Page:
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Modal sequencing and dynamic emission properties of an 8-h Giant Metrewave Radio Telescope observation of pulsar B1822−09

Authors

  • Crystal Latham,

    Corresponding author
    • Physics Department, University of Vermont, Burlington, VT, USA
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  • Dipanjan Mitra,

    Corresponding author
    1. National Centre for Radio Astrophysics, Ganeshkhind, Pune, India
    • Physics Department, University of Vermont, Burlington, VT, USA
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  • Joanna Rankin

    Corresponding author
    1. Sterrenkundig Instituut ‘Anton Pannekoek’, University of Amsterdam, GE Amsterdam, the Netherlands
    • Physics Department, University of Vermont, Burlington, VT, USA
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E-mail: crystal.latham@uvm.edu (CL); dmitra@ncra.tifr.res.in (DM); joanna.rankin@uvm.edu (JR)

ABSTRACT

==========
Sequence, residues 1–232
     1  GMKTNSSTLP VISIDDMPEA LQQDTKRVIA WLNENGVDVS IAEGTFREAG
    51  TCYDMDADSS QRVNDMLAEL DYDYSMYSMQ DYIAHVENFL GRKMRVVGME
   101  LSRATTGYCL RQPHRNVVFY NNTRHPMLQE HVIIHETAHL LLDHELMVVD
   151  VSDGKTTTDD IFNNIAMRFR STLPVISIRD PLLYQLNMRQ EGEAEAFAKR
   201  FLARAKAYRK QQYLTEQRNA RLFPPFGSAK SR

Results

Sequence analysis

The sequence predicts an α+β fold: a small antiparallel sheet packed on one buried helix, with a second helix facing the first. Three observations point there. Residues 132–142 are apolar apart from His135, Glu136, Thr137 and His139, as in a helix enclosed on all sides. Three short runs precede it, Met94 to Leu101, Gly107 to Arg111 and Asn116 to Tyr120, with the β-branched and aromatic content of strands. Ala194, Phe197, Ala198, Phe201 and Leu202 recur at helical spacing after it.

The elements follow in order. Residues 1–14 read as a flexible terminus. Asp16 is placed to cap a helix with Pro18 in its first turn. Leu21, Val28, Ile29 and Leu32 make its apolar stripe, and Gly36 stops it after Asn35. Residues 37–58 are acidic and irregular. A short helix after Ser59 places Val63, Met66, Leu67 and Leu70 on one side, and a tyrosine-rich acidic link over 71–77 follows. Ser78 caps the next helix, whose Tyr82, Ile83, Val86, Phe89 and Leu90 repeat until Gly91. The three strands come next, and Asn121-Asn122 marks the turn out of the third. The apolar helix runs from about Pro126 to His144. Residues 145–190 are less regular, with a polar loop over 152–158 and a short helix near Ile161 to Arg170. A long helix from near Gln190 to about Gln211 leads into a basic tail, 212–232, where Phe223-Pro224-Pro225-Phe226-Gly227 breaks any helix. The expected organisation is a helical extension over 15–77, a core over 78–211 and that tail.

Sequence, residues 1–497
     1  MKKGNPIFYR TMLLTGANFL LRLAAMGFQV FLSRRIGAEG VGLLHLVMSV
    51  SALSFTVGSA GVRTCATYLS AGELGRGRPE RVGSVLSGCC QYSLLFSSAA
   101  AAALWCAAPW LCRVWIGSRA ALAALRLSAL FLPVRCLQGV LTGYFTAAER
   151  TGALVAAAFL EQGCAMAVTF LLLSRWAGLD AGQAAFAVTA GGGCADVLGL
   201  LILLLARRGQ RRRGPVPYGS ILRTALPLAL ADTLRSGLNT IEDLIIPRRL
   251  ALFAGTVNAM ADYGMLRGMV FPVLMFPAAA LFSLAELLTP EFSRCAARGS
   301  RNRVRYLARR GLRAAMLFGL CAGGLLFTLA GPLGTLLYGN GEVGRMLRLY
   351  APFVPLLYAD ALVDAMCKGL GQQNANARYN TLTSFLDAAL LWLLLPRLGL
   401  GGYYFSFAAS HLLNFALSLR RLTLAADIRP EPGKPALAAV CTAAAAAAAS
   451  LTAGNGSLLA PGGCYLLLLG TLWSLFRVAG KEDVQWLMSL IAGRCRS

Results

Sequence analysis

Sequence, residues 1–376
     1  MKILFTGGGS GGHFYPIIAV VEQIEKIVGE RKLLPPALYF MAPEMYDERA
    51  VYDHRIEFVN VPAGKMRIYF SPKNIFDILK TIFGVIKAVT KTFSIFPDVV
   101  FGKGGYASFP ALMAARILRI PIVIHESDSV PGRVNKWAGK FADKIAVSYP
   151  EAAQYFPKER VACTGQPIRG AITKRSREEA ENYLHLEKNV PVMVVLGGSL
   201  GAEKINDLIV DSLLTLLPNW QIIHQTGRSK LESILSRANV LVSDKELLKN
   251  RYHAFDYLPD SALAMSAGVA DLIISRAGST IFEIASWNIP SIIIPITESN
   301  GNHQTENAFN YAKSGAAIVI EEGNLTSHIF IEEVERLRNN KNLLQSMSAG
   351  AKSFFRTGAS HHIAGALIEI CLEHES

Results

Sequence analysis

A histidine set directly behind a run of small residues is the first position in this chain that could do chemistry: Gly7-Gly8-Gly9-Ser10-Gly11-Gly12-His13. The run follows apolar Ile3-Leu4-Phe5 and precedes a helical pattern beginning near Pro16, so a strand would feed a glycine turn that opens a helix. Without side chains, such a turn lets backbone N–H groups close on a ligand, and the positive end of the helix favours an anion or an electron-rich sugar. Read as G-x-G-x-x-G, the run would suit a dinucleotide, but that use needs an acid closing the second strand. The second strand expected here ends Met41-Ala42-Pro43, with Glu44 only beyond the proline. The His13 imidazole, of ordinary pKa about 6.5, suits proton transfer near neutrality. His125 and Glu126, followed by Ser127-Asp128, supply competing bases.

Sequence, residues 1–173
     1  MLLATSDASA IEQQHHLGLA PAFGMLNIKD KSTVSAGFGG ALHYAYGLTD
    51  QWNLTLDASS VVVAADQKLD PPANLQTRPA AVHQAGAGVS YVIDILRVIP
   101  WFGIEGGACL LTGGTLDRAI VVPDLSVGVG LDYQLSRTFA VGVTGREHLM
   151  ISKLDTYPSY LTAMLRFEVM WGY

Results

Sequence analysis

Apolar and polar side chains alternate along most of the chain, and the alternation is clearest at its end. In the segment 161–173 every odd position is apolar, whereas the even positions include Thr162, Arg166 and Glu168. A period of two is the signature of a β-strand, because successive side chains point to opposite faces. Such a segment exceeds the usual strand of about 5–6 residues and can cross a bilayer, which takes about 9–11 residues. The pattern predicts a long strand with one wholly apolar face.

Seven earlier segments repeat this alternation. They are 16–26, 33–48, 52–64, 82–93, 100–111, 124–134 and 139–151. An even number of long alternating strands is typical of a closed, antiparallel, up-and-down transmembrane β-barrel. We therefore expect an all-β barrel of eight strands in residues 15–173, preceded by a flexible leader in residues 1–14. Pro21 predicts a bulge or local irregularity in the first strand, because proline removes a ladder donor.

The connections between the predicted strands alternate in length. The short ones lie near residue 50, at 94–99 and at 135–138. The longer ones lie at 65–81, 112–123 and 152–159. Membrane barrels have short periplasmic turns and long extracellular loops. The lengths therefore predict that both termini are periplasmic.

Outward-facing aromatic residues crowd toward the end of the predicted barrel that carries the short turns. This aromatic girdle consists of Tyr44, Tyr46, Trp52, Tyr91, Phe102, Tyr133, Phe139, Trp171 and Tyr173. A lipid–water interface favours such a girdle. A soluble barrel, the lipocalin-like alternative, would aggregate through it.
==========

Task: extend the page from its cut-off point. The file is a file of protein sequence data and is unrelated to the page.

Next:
The research presented here examines an 8-h observation of pulsar B1822−09, taken by the Giant Metrewave Radio Telescope. B1822−09 has been known to exhibit two stable emission modes, the B-mode, where the precursor (PC) ‘turns-on’, and the Q-mode, which is defined by interpulse (IP) emission. The results of our analysis, of this extremely long observation, have shown that B1822−09 exhibits at least three other emission behaviours that have not been seen before in other similar pulsars or in other observations of B1822−09. These three behaviours can be described as Q-mode emission with PC emission, B-mode emission with IP emission and instances where both the PC and IP are ‘on’ when transitioning from one mode to the other. The pulse structure has been found to be more complex than previously thought. The main pulse (MP) has an inner cone/core triple (T) configuration together with a central sightline traverse. The IP is a 15°-wide region that along with the MP originate from an open dipolar field. The PC emission comes from a still unknown source. We argue that the PC emission arises within the same region as the MP, but likely comes from higher in the magnetosphere. The Q-mode has a very clear fluctuation that occurs in both the MP and IP at 46.6-P1 which is associated with drifting subpulses. Furthermore, we have found that the B-mode, which has previously never shown any detectable modulations at this radio frequency, has a very weak feature at 70-P1. Coincidently we find the ratio of the B-mode ‘P3’ of 70-P1 to its Q-mode counterpart of 46.6-P1 is very nearly 3/2, which seems to imply a carousel of three MP ‘sparks’ in the Q-mode and two sparks in the B-mode. The circulation times of the two modes have been found to be virtually equal at 140-P1, which allows for this interpretation of the fluctuation features as ‘sparks’. Overall, our analyses strongly suggest that mode changes allow information transfer between the two magnetic polar regions and contribute to global magnetospheric changes.

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